In this dissertation, a comprehensive, integrated, multileveled prevention paradigm is proposed to evaluate and/or reform existing FASD policies. There is a variety of evidentiary sources available to policy makers, but there is increasing pressure to utilize more rigorous approaches to analyze the “complex evidence base”. I consider the need for high quality evidence including research and non-research sources, as well as quantitative and qualitative approaches. Findings from my own research, as appropriate for each level’s focus, are also discussed. I begin with the tertiary prevention level which aims to provide individuals affected by FASD continuous interventions throughout their lives so they will “not commit” and can function in the community. However due to the secondary disabilities associated with FASD, these individuals are often found within the criminal justice system. I present a comparison of individuals diagnosed with FASD found within a serious and violent offender population with those who are not diagnosed. I highlight exemplar legal cases where FASD is considered. In addition, I discuss exemplar initiatives and programs addressing the management of affected individuals. The secondary prevention level focuses on interventions to modify those environmental conditions that increase the possibility of maternal drinking. I present an extensive list of risk factors for FASD. Next I reveal four themes of intervention from the literature: screening tools, research, education, and legal strategies. With those in mind, I examine a high risk population using the existing literature on social determinants. The goal of the primary prevention level is to modify the social and environmental conditions that increase the opportunities which create individuals affected by FASD. At this level, the evidence I bring to bear are data which juxtapose medical facility locations and recorded police contacts with intoxicated persons in the same area. My findings suggest an integrated systems approach would be an effective way to identify, validate, implement, and evaluate current FASD policy and practices. By employing this tri-level prevention paradigm, it is possible to address the complexities of FASD, identify the gaps in knowledge and services, and discuss more promising policy and practical initiatives.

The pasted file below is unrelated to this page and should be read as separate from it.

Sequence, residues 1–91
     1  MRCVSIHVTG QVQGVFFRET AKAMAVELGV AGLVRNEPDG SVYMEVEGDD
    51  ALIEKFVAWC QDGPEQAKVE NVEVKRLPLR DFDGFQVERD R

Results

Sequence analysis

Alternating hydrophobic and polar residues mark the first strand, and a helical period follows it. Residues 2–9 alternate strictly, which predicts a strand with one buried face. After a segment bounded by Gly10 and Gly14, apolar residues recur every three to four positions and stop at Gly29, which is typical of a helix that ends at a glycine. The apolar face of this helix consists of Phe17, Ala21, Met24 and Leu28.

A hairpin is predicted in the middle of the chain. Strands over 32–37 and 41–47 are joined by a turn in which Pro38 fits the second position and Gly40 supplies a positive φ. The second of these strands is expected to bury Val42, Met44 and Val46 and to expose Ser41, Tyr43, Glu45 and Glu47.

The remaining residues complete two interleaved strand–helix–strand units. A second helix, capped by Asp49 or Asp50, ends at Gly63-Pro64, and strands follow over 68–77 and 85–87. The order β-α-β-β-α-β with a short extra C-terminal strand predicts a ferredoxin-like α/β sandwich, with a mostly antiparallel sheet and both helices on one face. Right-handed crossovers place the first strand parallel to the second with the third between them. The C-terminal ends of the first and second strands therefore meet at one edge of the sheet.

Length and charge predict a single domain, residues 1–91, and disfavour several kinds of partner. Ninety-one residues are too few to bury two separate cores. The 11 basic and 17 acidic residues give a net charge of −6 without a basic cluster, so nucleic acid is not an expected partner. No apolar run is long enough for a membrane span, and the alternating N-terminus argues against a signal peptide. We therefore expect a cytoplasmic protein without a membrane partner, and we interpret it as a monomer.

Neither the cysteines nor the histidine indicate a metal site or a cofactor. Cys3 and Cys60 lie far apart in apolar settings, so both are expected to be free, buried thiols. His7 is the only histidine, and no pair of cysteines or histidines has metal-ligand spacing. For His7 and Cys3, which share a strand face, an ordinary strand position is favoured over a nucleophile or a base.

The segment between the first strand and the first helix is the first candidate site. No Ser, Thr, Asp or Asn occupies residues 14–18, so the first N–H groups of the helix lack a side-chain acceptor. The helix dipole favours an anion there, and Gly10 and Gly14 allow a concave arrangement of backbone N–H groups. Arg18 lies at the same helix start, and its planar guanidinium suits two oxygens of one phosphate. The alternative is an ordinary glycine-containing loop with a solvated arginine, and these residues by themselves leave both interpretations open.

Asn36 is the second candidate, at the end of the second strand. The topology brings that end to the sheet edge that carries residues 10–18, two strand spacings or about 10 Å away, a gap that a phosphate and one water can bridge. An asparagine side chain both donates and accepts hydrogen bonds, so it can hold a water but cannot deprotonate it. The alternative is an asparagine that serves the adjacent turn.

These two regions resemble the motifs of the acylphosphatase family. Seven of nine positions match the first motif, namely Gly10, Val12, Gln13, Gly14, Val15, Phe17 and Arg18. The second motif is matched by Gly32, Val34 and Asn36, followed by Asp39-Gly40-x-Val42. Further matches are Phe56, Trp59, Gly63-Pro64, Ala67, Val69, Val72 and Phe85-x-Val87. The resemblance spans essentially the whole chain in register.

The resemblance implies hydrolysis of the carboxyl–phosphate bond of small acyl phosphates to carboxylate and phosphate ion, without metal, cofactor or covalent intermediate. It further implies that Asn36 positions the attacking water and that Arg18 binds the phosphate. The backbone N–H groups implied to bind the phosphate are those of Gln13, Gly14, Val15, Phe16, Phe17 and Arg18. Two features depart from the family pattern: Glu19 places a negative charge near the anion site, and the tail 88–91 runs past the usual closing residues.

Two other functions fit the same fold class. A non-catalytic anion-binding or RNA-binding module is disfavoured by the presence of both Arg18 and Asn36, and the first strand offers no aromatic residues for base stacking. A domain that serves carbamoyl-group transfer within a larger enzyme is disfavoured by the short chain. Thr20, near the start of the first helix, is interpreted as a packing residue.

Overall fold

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Thesis advisor: Corrado, Raymond
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